The number of children hospitalised with COVID-19 has hit a record-high in the United States, which continues to grapple with the rapid spread of the highly contagious Delta variant, especially in areas with low vaccination rates.
Paediatric hospitalisations hit 1,902 on Saturday, according to data from the US Department of Health and Human Services (HHS) – accounting for about 2.4 percent of the country’s total coronavirus-related hospitalisations.
Children below 12 years of age are not eligible to receive the coronavirus vaccine, leaving them more vulnerable to infection from the highly transmissible variant.
“This is not last year’s COVID. This one is worse and our children are the ones that are going to be affected by it the most,” Sally Goza, former president of the American Academy of Pediatrics, told CNN on Saturday.
For weeks, US health officials and top infectious disease experts have urged Americans to get vaccinated to stem a rising wave of infections, deaths and hospitalisations that they say is linked to the Delta variant.
Dr Anthony Fauci, the White House’s chief medical adviser, has described the current wave as “an outbreak of the unvaccinated“.
While 50.5 percent of people in the US are considered fully vaccinated, according to US Centers for Disease Control and Prevention data, and 59.4 percent have received at least one dose, millions of people have not received a single jab.
The recent increase in cases has spurred heated debate across the country around whether state and local governments should institute vaccine mandates – a move that Fauci and other officials recently said they support.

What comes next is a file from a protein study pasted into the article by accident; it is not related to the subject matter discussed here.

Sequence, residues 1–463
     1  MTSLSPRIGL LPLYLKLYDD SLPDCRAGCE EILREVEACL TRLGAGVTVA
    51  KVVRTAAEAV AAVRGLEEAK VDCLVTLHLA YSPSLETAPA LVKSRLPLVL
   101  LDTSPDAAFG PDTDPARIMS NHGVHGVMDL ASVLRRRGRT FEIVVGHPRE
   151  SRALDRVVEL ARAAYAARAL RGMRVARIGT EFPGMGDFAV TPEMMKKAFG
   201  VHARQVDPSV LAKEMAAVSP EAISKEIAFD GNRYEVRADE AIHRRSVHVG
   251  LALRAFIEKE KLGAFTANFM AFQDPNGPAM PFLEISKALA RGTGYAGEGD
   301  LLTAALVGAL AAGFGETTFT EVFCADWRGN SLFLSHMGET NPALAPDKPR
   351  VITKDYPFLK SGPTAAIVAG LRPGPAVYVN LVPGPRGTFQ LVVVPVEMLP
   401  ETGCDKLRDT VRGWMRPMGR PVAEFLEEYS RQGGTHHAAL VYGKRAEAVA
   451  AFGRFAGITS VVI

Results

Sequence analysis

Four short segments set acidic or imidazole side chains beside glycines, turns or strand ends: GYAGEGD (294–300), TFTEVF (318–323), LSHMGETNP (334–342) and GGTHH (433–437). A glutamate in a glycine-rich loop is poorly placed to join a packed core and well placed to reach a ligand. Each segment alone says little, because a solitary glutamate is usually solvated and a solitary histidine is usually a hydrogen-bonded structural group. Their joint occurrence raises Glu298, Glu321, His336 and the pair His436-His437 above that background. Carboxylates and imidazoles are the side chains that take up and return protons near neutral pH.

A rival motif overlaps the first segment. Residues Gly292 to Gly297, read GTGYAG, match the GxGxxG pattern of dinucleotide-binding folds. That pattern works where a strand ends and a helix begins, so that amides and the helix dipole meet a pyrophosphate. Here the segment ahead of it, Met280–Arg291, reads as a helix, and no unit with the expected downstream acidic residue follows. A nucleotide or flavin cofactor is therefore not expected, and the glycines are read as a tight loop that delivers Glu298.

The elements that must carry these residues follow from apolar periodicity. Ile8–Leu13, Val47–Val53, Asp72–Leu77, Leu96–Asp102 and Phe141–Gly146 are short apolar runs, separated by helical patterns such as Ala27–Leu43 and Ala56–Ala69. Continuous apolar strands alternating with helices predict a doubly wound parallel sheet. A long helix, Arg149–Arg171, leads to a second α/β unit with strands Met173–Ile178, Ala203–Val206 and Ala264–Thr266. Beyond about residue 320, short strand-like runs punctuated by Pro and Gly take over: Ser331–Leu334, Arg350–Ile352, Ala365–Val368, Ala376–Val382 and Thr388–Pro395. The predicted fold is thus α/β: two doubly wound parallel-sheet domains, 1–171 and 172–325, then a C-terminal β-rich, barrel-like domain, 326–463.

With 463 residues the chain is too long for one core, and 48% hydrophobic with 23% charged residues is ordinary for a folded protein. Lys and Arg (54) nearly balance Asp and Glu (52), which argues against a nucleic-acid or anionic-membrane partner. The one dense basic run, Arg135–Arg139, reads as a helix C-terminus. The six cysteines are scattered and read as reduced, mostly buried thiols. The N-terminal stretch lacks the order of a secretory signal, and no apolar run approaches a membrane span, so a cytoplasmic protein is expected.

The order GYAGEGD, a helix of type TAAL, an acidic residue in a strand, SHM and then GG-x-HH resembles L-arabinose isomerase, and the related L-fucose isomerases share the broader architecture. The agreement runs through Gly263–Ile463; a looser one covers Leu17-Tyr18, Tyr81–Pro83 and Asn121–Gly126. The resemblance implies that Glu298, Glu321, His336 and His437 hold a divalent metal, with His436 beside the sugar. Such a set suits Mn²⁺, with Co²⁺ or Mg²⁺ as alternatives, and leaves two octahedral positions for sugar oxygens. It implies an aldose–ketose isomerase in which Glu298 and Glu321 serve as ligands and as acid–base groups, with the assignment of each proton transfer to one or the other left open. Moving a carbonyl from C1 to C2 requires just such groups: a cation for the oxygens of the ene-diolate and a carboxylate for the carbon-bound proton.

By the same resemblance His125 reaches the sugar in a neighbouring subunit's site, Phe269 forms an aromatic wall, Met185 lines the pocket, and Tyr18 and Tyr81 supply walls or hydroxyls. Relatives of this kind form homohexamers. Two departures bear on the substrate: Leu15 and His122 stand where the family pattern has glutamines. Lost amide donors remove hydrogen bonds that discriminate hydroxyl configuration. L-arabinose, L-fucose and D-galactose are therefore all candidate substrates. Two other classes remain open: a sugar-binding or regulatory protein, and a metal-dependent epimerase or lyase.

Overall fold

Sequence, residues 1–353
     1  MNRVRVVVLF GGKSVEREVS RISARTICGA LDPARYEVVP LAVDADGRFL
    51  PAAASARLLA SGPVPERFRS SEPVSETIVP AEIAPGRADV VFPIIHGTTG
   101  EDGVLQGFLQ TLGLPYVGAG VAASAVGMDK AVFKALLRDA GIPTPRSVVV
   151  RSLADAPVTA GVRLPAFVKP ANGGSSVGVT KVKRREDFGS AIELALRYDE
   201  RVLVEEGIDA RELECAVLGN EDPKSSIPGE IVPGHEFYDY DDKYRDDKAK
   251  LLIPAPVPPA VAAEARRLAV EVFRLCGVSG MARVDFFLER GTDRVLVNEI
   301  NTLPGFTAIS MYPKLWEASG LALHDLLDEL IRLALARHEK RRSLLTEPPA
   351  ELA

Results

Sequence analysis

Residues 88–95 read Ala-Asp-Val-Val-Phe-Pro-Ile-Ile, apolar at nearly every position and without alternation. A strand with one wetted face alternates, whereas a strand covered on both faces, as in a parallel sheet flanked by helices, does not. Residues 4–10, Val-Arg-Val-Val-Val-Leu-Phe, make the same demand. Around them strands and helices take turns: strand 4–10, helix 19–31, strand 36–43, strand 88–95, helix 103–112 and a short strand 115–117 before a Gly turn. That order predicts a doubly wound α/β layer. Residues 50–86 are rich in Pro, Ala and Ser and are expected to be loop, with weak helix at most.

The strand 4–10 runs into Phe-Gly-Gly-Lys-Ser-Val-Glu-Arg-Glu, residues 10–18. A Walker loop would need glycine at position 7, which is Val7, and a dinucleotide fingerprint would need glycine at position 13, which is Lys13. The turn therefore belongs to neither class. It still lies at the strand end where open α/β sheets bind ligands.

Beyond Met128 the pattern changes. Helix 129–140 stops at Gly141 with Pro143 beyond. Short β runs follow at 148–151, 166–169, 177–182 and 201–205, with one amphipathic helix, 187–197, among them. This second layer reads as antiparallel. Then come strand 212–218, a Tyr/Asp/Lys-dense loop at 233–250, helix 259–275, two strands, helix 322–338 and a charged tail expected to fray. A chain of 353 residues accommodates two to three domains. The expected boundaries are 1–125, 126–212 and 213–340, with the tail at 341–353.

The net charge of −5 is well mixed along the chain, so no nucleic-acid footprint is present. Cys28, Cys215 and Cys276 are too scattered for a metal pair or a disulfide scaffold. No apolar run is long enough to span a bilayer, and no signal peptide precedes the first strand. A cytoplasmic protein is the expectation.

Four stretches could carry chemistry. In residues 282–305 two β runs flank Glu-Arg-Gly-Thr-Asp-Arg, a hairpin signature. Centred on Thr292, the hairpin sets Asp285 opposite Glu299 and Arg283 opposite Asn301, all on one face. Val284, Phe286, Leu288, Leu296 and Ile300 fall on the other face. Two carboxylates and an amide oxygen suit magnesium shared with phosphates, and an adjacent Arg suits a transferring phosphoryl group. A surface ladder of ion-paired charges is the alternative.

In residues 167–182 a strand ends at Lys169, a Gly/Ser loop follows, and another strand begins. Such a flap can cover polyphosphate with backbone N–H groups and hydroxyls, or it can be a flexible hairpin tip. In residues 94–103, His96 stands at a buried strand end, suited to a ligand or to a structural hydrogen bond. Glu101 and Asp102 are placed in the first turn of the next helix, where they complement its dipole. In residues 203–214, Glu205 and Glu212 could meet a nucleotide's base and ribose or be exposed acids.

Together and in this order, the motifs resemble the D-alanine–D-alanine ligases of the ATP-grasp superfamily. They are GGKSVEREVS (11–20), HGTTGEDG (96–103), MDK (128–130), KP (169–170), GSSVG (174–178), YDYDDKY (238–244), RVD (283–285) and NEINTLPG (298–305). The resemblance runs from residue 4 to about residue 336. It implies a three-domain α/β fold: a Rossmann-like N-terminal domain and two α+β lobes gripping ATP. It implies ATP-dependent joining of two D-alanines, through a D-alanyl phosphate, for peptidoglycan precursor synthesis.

Last week, California became the first US state to require teachers and other school staff to be vaccinated against, or get tested regularly for, COVID-19.
“We think this is the right thing to do and we think this is a sustainable way to keeping our schools open and to address the number one anxiety that parents like myself have for young children,” Governor Gavin Newsom said.
The nation’s largest teachers union, the National Education Association (NEA), also came out in support of mandatory vaccination for its members this week.
NEA President Becky Pringle said on Saturday that schools should employ every mitigation strategy, from vaccines to masks, to ensure that students can come back to their classrooms safely this school year.
“Our students under 12 can’t get vaccinated. It’s our responsibility to keep them safe. Keeping them safe means that everyone who can be vaccinated should be vaccinated,” Pringle told CNN.
In Florida, Texas and Arizona, some school districts have gone against the orders of their Republican governors and mandated that masks be worn.
Florida Governor Ron DeSantis has threatened to withhold funding from districts that impose mask requirements, and Texas Governor Greg Abbott is appealing to the state Supreme Court to overturn Dallas County’s mask mandate, the Dallas Morning News reported on Friday.
A fifth of the nation’s COVID-19 hospitalisations are in Florida, where the number of hospitalised patients hit a record 16,100 on Saturday, according to a tally from the Reuters news agency. More than 90 percent of the state’s intensive care beds are filled, according to data from HHS.
US President Joe Biden on Saturday called school district superintendents in Florida and Arizona to praise them for doing “the right thing” after their respective boards implemented mask requirements in defiance of their governors.
In a statement, the White House said Biden had spoken with interim Broward Superintendent Vickie Cartwright in Florida and Phoenix Union High School District Superintendent Chad Gestson in Arizona “to thank them for their leadership and discuss their shared commitment to getting all students back in safe, full-time in-person learning this school year”.
“The President commended their leadership and courage to do the right thing for the health and well-being of their students, teachers, and schools,” the statement said.